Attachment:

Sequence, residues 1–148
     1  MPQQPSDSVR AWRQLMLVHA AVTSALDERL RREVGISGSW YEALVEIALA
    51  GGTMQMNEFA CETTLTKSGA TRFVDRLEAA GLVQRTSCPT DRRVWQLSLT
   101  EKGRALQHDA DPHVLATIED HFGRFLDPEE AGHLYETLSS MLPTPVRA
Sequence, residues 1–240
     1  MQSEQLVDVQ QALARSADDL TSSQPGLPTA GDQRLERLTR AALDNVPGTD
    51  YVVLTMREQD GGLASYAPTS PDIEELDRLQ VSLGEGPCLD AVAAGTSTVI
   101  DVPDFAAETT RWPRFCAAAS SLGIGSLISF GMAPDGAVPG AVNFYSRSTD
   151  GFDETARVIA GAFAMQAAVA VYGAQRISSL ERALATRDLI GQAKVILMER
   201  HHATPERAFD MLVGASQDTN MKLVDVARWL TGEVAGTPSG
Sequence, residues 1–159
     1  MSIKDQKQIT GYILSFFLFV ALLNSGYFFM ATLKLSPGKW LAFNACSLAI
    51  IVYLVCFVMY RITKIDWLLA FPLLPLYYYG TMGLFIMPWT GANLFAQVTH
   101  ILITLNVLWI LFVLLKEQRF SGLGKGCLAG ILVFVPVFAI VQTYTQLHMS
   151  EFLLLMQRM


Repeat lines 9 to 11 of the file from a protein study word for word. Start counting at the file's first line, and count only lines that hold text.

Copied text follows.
   151  GFDETARVIA GAFAMQAAVA VYGAQRISSL ERALATRDLI GQAKVILMER
   201  HHATPERAFD MLVGASQDTN MKLVDVARWL TGEVAGTPSG
Sequence, residues 1–159